Monday, June 27, 2016

Being better citizens

On my way to church I stopped in at CVS and got to talking to the clerk, probably 21, about carrying cash. He didn't see a need for it, which led me to ask if he had traveled abroad. He didn't know what "abroad" meant, and it turns out he didn't know anything about the vote in the UK last week. I am not sure he knew what UK and the European Union means, or what a pound is, for that matter. I'm betting he won't vote in November either.

I think it is very important for our young people to know about the world in which they live.  Parents, grandparents, friends, how about engaging our young people over a meal?  No lecture or homework assignments, but just conversations about what is happening.  Where do they want to travel?  Do they know where those countries are?  Where have you traveled?

And once you start talking about other countries, you can talk about other religions.  And food.  And what is happening in those countries.

What ideas do you have for engaging our young people in conversation?  Let's do our part to help them be better citizens of the world.

prayers for the journey,

Huge meeting of Retirees Group on June 20

Thanks to Susan Maleszweski and others who contributed to a large and energetic meeting of the Retirees Group on June 20. Click the photo below to view large versions of all photos from this event.

Saturday, June 25, 2016

Dorothy Owen (1923-2016)

Dorothy Owen passed away on June 16 in Wilkesboro. She was the wife of the late Guy Owen who was author of the acclaimed novel Ballad of the Flim Flam Man. Dorothy's obituary includes multiple references to Community UCC. Two of them read as follows:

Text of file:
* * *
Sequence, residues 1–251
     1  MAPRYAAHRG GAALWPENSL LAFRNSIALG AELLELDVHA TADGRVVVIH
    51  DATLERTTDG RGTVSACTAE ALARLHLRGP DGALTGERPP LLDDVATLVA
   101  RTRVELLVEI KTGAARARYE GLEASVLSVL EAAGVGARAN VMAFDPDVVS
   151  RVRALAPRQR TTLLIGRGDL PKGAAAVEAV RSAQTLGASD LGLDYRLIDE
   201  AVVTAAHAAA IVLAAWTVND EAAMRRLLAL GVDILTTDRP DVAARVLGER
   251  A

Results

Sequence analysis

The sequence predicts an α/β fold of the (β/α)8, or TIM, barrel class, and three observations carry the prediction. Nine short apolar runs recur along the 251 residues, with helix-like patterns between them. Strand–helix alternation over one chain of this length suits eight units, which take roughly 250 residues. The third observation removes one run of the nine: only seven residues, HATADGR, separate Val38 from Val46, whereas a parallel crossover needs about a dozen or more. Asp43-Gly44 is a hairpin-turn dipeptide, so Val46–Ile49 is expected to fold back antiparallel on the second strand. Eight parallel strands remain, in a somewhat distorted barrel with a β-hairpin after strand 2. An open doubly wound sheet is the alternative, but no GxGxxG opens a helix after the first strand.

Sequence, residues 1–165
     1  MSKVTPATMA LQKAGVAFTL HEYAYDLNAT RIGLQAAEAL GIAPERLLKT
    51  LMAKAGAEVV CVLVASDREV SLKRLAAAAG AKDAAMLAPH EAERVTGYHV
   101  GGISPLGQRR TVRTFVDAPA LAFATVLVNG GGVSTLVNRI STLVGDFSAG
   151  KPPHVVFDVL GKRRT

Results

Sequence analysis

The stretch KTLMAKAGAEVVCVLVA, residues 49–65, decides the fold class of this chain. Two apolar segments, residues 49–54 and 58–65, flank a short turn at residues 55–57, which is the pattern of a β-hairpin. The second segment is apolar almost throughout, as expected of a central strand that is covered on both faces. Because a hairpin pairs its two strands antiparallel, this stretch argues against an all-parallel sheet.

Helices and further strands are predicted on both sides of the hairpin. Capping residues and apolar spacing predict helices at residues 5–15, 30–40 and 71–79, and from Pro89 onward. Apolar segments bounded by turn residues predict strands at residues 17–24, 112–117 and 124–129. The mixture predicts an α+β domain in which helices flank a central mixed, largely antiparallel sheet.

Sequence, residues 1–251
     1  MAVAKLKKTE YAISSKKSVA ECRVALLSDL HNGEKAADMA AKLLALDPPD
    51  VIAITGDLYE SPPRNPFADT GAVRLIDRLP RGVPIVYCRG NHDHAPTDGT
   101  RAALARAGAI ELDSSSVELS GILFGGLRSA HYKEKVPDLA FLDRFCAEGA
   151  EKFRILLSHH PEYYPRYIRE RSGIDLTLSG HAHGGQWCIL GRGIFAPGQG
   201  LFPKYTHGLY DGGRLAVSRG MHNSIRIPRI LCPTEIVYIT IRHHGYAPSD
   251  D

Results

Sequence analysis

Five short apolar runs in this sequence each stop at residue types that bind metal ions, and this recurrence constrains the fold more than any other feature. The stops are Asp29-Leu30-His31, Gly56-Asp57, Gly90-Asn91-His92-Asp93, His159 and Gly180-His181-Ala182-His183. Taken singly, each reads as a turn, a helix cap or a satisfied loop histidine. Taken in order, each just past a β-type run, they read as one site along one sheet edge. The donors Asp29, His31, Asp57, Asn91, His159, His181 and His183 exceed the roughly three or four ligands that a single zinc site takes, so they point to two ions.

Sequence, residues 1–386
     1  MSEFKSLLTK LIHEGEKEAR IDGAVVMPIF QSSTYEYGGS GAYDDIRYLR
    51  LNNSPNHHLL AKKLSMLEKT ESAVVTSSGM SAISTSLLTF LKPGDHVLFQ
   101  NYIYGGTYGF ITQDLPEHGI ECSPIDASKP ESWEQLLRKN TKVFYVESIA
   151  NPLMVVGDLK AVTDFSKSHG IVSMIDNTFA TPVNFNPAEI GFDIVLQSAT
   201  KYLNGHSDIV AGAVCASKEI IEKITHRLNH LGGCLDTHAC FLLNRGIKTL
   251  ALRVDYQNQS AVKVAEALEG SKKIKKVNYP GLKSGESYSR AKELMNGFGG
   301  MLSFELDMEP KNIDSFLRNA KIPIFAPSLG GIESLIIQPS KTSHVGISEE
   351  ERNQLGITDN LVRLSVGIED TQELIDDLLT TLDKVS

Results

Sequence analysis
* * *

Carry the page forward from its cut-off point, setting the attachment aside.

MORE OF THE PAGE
• "The couple caught one of Dylan Thomas' last public readings on one date and later married at the Community Church, a breakaway congregation set up to allow integration when segregation still lingered here in the fifties."
  • "For a time Guy Owen taught at Stetson but after his first novel was hired by NCSU. He had written The Ballad of the Flim-Flam Man at her family homeplace in Wilkes County in the interim while on leave. She typed all his novels as no one else could decipher his handwriting. Settling in Raleigh, she eventually took a job as secretary to the local UCC church, later moving on to acquire a NC Craft Shop with a friend, enjoying the folk art of our state. After Guy Owen's untimely death in 1981, she chose to relocate back to her home county of Wilkes in 1986."
A YouTube video (below) is linked to from the obituary. In the video you'll see Dorothy with a number of well known people, including North Carolina's legendary Doc Watson.

The full obituary can be viewed here ...

There are numerous photos of Dorothy and Guy Owen to be found in the 100th Anniversary Scrapbook assembled in 1981. (Just search for "Owen" in the file listing for the Scrapbook.)

Friday, June 24, 2016

Weekly News - June 24

The online calendar is always available and is always up-to-date.
Deadlines to submit articles to the church office (
  • Weekly Newsletter email - TUESDAY by NOON.
  • Sunday bulletin - TUESDAY by NOON.

Order Your CUCC T-Shirts by July 31

Back:  crayon art
Front:  CUCC's name small on right
The CUCC youth have designed colorful t-shirts, and believe us, you don't want to be the only church member without one!

Please order yours by filling out the form found on the table at the back of the sanctuary; leave it in the basket there or place it in the box on Śānti's office door in the Pilgrim House. Extras will be ordered, but to ensure that you get your size, please order your shirts by July 31!

Shirts will be ready for pick-up by August 28. Payment is due when shirts are picked-up. Please do not pay in advance!

Donations for Refugee Children